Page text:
Honors College director brings travel experience to campus

Tera Stenhouse, Staff Reporter

Anne Cubilie’s life travels have taken her across the globe, from the Middle East to the political field in Washington, D.C.

Now the director of the Douglas Honors College (DHC), Cubilie joined the DHC in 2013 and came to Central from the United Nations, where she worked in humanitarian efforts and development policy at their headquarters and in the field.

For 10 years prior to her U.N. experiences, Cubilie taught at Georgetown University, diving into the issues of gender and human rights.

Cubilie took a sabbatical from Georgetown and spent a year for the U.N. in Afghanistan and Pakistan. She also lived in Cairo on and off doing human rights research.

“They needed someone to work on human rights with refugees,”  Cubilie said. “I was also looking for evidence of war crimes, and working especially with women.”

While in Afghanistan, Cubilie collected testimonies from women which she published in her book, “Women Witnessing Terror: Testimony and the Cultural Politics of Human Rights.”

“These women were incredibly generous, even though having such terrible experiences,” Cubilie said. “They would go out and get me gifts such as tea. They were very welcoming.”

Cubilie’s passion for helping others and creating awareness on issues started in elementary school.

“I was in elementary school in 4th grade, and I remember making a petition to have more quality food in the cafeteria,” Cubilie said. “I have always been aware of social justice issues and my parents were always supportive.”

Cubilie’s family experienced what it was like to have their country invaded twice during World War II while living in France. Cubilie said her interest in social justice issues came from the stories she heard growing up.

“My dad experienced having present living situations being unstable,” Cubilie said. “People can be abused by war, it happens across the globe.”

However, through all these experiences, Cubilie wanted to bring back the skills she learned and be able to provide her knowledge to students.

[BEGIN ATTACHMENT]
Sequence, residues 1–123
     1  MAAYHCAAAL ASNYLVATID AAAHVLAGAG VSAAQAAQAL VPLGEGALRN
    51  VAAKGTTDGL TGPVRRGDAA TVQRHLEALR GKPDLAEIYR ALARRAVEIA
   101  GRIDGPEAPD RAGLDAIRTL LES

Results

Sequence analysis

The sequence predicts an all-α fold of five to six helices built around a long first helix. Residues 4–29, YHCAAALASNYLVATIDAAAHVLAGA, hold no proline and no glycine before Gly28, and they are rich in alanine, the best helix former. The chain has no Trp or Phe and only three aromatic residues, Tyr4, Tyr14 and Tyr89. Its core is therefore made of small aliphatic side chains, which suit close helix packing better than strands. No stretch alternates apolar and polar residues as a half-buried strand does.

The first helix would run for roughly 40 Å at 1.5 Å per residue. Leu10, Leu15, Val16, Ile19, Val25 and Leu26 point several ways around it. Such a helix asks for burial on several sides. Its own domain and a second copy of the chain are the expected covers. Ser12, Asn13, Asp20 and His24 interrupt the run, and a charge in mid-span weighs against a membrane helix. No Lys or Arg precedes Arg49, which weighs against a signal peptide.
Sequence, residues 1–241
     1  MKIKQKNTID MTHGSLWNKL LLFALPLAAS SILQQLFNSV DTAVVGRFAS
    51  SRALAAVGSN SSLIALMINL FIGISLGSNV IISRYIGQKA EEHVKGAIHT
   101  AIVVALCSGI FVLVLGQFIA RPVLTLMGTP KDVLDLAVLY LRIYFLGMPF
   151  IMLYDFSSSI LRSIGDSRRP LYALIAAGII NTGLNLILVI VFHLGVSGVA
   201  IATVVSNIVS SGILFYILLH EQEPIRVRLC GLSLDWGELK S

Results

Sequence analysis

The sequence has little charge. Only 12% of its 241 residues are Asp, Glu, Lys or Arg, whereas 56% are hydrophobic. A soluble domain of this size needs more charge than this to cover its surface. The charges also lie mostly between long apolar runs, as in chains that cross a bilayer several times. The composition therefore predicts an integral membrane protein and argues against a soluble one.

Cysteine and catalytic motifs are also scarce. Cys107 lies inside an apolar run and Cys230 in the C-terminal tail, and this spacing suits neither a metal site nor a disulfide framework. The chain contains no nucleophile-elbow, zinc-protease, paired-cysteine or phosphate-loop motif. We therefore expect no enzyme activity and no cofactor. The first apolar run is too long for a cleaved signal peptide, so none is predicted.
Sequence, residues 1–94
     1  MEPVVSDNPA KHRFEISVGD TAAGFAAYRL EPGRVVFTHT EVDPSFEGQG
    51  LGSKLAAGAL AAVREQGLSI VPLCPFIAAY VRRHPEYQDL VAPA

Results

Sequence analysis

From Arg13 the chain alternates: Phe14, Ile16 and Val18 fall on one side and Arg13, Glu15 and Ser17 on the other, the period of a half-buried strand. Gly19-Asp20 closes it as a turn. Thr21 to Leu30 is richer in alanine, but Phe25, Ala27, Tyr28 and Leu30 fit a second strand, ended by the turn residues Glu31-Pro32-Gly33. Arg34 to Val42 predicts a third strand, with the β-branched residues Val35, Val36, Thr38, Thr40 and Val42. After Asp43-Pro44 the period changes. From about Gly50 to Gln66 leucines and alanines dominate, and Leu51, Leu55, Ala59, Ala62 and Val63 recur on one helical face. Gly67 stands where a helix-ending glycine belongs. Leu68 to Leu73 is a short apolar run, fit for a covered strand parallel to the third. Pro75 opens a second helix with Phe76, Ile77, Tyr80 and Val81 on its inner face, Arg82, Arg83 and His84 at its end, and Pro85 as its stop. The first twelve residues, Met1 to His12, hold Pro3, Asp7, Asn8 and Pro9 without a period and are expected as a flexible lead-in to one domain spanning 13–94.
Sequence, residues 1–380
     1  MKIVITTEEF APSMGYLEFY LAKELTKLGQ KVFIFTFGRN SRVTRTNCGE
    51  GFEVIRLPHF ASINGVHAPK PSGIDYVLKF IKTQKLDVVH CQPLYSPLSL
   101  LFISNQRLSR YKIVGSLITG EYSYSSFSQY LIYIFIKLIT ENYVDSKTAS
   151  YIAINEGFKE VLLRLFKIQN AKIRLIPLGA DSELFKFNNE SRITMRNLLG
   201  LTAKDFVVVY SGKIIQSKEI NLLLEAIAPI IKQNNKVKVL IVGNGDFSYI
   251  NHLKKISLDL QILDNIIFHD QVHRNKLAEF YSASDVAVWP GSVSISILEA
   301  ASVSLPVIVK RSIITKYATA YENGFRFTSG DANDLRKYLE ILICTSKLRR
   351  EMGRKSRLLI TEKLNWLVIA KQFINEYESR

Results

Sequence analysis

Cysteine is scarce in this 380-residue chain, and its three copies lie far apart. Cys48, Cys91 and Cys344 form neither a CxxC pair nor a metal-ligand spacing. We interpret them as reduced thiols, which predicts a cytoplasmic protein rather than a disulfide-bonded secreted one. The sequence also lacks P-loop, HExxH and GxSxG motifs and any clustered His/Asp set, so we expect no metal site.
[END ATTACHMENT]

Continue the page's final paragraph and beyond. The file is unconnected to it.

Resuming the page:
“I love Central, and the students and faculty here,” Cubilie said. “It is definitely more relaxed.”

DHC Academic and Student Success Coordinator Christina Denison works closely with Cubilie and met her when she came in for the DHC director interview.

“Anne is my boss and also a mentor to me,” Denison said. “We have lunch together almost every day, and she is more like family.”

Denison described how Cubilie has taught her so much especially with her ability to interact with people, from all of her experience at the U.N.

“She is a force of nature,” Denison said. “She knows when the winds need to be blown calmly, but also when there needs to be a mighty gust. She has taught me how to measure my words, how to phrase them, especially in difficult conversations.”

Ryan Anderson, sophomore musical theater major, is an office assistant at the DHC office.

Anderson said that he met Cubilie when he first arrived at Central.

“She has always acted as a mentor to me, and not just a boss,” Anderson said.

Anderson described how even though Cubilie has had a wealth of of these impressive experiences, she treats you just like anyone else.

“She is very approachable, down-to-earth, and yet still professional,” Anderson said. “She is very curious, and wants to help people with the things that they are also curious about.”

Anderson has learned many life skills from Cubilie, but if he had to narrow it down to the most important thing that he has gained from her, it would be to stay true to himself.

“She has taught me that apologizing is good, but never apologize for being you,” Anderson said.

Anderson and Denison also added Cubilie’s love for quirky science fiction is something very well known about her.

“She loves the old corny stuff science stuff,” Denison said. “She also just recently showed some DHC students the South Park movie. I would say Anne is not judgmental in any way.”